Technology Notebook: Increasing pressure for improved mold-temperature controlTechnology Notebook: Increasing pressure for improved mold-temperature control
May 7, 2005
By Wes Moffitt, water products manager at Wittmann Inc.
Most processors selecting a temperature control unit (TCU) for mold cooling size the unit based on previous experience rather than an actual calculation for the specific application. The TCU selection remains one of the least thought out purchases in auxiliary equipment, even though the calculation is quite simple and the benefits of proper sizing directly impact mold cooling and cycle time. The three major criteria necessary for sizing a TCU to the application are: heating, cooling, and pump sizing requirements. Too often, flow rate is mistakenly specified instead of pressure, resulting in insufficient cooling and poor temperature control.Having calculated the necessary capacity for preheating (see heating capacity sidebar), it is necessary to determine how much heat the molten plastic adds to the injection mold. We can then determine the total cooling requirements to maintain the 150ºF operating point. To calculate the cooling capacity, the material type and throughput must be known. This is quantified in the form of how many BTU?s are to be removed.
The water flow rate is dependent upon the water line size to and from the mold and the internal cooling passages. If we consider the 1?4-inch line in Chart 1 above to be representative of the typical mold cooling channel sizing, we see that it?s nearly impossible to achieve 6 gal/min (see cooling capacity sidebar), so we must look at increasing the cooling passages to a 3?8-inch line which is much more practical. In order to pump 6 gal/min through a 3?8-inch line, we see from the chart that approx. 50 psi is needed.
A common specification for a TCU would be 9 kW, 3?4 hp, rated for 30 gal/min. The only valid specification here is the 9-kW heater. As we see from the chart, achieving 30 gal/min is not possible through a 3?8-inch line. What is actually required to achieve 6 gal/min is 50 psi or more. Increasing the horsepower is not the best solution as even larger pumps such as a 1-hp centrifugal pump can not achieve 50 psi.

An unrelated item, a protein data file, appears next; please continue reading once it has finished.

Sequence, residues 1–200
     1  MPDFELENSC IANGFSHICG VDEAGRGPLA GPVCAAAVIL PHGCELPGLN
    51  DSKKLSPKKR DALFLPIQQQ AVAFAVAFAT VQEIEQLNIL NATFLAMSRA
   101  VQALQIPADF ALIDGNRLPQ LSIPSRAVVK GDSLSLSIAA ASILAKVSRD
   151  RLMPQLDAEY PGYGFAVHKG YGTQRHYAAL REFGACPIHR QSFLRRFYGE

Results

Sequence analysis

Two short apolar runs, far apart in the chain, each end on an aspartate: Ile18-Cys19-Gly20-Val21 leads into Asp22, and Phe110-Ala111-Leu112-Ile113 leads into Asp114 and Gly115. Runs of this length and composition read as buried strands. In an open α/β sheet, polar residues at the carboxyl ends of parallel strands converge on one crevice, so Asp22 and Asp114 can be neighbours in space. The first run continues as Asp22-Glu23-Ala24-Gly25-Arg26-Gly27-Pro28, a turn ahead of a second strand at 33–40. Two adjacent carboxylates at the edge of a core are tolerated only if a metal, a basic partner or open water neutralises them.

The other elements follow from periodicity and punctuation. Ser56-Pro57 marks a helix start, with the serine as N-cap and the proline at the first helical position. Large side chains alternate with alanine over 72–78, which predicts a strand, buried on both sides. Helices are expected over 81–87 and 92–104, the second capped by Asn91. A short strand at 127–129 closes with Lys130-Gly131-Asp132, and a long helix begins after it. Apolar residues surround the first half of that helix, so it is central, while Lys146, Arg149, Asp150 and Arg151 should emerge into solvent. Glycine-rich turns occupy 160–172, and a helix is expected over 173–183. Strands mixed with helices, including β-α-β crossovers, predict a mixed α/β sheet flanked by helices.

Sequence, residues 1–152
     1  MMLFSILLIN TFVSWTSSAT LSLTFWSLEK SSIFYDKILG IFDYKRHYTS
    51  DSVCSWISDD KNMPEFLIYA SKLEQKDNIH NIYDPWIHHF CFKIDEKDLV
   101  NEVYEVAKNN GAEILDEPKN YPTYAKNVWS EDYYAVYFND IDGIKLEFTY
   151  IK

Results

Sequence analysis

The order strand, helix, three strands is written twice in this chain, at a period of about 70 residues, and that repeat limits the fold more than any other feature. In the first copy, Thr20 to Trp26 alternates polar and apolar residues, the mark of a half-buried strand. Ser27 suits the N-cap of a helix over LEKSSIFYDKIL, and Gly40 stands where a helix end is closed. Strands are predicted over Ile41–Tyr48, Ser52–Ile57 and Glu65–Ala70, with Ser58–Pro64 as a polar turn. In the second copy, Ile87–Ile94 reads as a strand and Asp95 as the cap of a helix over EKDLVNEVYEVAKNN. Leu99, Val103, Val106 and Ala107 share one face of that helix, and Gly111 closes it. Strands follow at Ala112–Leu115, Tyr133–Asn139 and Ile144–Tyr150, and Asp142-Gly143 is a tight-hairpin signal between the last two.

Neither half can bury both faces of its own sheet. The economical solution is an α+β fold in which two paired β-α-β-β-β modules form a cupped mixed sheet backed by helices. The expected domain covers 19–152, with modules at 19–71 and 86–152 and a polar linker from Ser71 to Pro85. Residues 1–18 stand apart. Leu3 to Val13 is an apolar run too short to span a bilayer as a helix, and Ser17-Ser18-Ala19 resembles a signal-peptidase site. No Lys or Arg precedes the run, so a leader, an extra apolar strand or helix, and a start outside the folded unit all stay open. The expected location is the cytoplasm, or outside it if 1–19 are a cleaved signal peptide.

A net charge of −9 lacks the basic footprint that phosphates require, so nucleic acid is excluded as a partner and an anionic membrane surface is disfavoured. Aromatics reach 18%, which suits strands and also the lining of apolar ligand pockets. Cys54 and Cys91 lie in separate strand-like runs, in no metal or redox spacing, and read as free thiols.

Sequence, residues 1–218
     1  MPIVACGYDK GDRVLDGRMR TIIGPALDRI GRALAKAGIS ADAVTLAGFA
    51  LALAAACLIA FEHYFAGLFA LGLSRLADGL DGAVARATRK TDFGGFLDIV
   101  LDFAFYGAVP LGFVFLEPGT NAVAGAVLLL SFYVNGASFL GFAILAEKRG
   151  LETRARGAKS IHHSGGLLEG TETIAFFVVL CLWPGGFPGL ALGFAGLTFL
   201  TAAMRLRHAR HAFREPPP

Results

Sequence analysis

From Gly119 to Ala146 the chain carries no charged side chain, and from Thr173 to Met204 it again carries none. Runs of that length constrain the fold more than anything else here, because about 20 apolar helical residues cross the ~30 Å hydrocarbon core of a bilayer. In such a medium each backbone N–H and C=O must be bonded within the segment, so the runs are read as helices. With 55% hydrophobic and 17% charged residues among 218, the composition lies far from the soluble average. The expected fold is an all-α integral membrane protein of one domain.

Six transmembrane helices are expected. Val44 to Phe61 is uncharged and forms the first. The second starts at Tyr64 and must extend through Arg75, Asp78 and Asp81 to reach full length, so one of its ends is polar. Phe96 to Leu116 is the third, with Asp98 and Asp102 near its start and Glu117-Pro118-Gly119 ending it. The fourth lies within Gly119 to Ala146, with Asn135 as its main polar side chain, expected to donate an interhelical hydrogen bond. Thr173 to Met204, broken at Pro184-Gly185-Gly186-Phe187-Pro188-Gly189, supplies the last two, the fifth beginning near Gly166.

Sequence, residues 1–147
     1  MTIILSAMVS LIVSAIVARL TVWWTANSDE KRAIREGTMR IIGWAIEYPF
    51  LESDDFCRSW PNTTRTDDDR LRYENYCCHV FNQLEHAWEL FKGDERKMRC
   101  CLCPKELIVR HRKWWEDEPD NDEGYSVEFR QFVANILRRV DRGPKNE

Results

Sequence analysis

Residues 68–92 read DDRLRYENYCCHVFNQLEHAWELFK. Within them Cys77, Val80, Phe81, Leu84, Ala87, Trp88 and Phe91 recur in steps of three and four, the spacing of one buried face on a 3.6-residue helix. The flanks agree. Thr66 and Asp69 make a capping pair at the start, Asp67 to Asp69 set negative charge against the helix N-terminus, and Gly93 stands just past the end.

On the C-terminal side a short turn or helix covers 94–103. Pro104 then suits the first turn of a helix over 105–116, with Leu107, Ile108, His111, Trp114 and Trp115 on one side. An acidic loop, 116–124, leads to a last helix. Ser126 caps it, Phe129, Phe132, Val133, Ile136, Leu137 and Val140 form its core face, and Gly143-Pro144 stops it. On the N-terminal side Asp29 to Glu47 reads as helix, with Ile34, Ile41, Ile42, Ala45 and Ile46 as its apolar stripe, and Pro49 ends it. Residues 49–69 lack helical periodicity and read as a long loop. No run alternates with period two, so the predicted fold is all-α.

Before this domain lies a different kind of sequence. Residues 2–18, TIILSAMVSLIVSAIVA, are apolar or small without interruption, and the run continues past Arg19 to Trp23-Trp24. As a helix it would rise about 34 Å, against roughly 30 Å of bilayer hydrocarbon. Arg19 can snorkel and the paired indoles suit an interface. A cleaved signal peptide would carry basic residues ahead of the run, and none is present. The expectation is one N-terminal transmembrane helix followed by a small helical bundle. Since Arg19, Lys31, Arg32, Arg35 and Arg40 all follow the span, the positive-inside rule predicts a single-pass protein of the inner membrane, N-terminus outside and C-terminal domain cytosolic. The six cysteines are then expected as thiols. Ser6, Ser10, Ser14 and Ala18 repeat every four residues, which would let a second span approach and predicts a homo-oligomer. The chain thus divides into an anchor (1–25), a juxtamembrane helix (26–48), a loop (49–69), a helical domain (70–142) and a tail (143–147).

The author?s experience shows that turbine pumps offer higher and more constant pressure with less horsepower than centrifugal pumps. For example, a 1-hp turbine pump meets the requirement very well and offers other advantages such as reverse operation for negative pressure. Clearly, specifying a TCU based only on the horsepower and gal/min rating of the pump is meaningless without also specifying the pressure rating and understanding the amount of water that can physically be pumped through a cooling line.
Specifying the type of TCU based on pressure is much more important to achieving proper cooling than is specifying a TCU based on horsepower and flow. Regenerative turbine pumps produce much higher pressures than centrifugal pumps of equivalent horsepower. Increased pressure results in higher flow rates and more turbulent flow through restrictive passages and thus, TCU?s with higher pressure turbine pumps provide increased cooling with less horsepower.
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